Washing Feet

I read an excellent little musing on the ceremonial “foot washing” that occurs in some churches at this time of year.

Meant to pay homage to the example Jesus set forth by taking on the role of the lowliest servant by sitting down to wash the filthy feet of his disciples, the ceremony as practiced today is quite different.

Dirty FeetBack in bible times, foot washing was a necessity given the vulgar conditions of people’s feet after traveling the dirty streets of Palestine in nothing but sandals, or perhaps barefoot. These were the feet that stepped in dung, among other elements.  Upon entering a home it was necessary to wash feet to avoid tracking the filth of the day all over.

This task was often done by servants.  Jesus was teaching His disciples that they should never consider themselves above others and to serve them even if the task is unpleasant and distasteful.

In modern ceremony however, most people partaking in such an event more than likely

Washing Clean Feet

Washing Clean Feet

come to church with their feet sparkling clean and the foot washer does not really have to “wash” anything.

My challenge is to take this real lesson from scripture and apply it in a practical way for today.  People generally do not traverse the highways and byways barefoot and most “normal folk” do not have servants to perform menial tasks that are “beneath them.”

But what about the single mother who is facing losing her children because she can not keep order in her household due to working every waking hour to eke out a living? How about pitching in with babysitting for free or bringing by groceries?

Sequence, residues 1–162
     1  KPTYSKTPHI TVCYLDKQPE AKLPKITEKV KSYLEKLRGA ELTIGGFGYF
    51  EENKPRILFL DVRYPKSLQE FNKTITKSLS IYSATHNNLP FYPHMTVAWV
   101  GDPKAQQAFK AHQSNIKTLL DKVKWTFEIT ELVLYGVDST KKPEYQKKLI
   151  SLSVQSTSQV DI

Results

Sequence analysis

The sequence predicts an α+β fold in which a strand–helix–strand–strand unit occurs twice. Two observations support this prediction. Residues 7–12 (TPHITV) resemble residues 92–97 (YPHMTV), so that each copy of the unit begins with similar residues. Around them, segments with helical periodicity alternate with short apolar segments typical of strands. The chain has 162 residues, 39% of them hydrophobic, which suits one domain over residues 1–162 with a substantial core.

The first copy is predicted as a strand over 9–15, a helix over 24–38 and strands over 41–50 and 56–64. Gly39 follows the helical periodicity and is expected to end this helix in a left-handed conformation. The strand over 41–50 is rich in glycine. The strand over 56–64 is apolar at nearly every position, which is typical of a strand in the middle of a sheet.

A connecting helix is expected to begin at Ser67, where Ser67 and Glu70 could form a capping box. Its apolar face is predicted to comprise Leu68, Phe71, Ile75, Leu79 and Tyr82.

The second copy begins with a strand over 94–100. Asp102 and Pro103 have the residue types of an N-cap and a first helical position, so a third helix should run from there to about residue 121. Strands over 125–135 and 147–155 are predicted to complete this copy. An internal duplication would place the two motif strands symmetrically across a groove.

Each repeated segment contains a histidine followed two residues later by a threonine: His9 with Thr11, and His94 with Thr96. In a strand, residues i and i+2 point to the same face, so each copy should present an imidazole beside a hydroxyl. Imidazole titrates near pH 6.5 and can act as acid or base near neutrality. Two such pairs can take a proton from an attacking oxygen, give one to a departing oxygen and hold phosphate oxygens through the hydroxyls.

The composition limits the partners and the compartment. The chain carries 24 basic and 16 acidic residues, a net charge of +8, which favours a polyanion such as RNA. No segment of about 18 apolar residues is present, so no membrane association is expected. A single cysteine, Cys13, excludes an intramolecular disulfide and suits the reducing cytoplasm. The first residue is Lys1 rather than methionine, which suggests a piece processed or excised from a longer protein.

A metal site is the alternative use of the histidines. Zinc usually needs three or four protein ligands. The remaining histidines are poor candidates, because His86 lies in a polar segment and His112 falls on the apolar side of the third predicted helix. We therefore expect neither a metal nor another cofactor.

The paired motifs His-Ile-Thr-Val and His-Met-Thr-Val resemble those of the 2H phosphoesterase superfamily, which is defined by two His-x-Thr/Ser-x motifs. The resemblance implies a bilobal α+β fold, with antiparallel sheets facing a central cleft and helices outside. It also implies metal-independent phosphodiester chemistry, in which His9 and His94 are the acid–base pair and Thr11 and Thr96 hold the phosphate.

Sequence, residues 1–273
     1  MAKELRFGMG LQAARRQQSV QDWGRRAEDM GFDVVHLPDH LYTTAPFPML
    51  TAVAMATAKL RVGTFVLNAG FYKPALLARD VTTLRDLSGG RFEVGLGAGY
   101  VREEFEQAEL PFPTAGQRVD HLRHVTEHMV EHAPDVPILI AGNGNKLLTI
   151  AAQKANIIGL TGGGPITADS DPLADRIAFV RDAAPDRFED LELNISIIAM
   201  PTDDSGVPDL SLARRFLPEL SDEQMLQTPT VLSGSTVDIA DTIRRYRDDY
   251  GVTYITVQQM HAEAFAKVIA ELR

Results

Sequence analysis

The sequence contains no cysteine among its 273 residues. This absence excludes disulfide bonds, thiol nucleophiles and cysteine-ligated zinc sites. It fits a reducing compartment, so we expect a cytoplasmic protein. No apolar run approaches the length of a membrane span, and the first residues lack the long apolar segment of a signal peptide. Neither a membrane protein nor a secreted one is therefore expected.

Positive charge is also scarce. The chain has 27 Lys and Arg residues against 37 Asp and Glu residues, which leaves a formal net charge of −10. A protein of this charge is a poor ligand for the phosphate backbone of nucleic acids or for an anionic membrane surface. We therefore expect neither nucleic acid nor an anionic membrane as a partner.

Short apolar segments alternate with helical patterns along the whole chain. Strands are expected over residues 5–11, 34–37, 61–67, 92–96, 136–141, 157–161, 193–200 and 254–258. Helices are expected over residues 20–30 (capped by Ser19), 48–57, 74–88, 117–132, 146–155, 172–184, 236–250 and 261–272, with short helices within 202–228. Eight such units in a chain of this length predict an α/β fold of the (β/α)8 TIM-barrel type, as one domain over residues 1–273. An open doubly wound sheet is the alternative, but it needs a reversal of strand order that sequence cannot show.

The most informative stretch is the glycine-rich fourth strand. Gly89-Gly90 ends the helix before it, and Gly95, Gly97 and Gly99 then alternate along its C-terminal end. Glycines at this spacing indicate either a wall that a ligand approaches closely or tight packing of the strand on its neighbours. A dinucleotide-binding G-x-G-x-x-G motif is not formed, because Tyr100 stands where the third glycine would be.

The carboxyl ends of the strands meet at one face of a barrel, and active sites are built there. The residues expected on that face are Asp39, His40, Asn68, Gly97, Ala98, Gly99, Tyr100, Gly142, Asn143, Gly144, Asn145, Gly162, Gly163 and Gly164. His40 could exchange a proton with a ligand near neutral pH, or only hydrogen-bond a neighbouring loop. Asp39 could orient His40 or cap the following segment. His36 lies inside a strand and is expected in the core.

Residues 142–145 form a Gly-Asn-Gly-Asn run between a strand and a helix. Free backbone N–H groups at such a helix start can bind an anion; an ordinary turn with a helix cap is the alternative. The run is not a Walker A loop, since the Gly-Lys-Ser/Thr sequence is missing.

What about the “cat lady” who smells bad – how about giving her a ride to the doctor or to the store, even if it makes your car smell afterward?

Would the eager partakers of a “foot washing ceremony” be as willing to do things such as these?  If yes, then the lesson of the foot washing has been learned and applied as Christ intended.

If not, then something needs to change – from within.  It’s not about the feet. Partaking in a rite for the sake of ceremony is worthless, apart from having “real works” to back it up.

James 2:14-26 (New King James Version)

14 What does it profit, my brethren, if someone says he has faith but does not have works? Can faith save him? 15 If a brother or sister is naked and destitute of daily food, 16 and one of you says to them, “Depart in peace, be warmed and filled,” but you do not give them the things which are needed for the body, what does it profit? 17 Thus also faith by itself, if it does not have works, is dead.
18 But someone will say, “You have faith, and I have works.” Show me your faith without your[a] works, and I will show you my faith by my[b] works. 19 You believe that there is one God. You do well. Even the demons believe—and tremble! 20 But do you want to know, O foolish man, that faith without works is dead?[c] 21 Was not Abraham our father justified by works when he offered Isaac his son on the altar? 22 Do you see that faith was working together with his works, and by works faith was made perfect? 23 And the Scripture was fulfilled which says, “Abraham believed God, and it was accounted to him for righteousness.”[d] And he was called the friend of God. 24 You see then that a man is justified by works, and not by faith only.
25 Likewise, was not Rahab the harlot also justified by works when she received the messengers and sent them out another way?
26 For as the body without the spirit is dead, so faith without works is dead also.

It’s about the heart.  As always.

Karen Rice, AKA Wizzy


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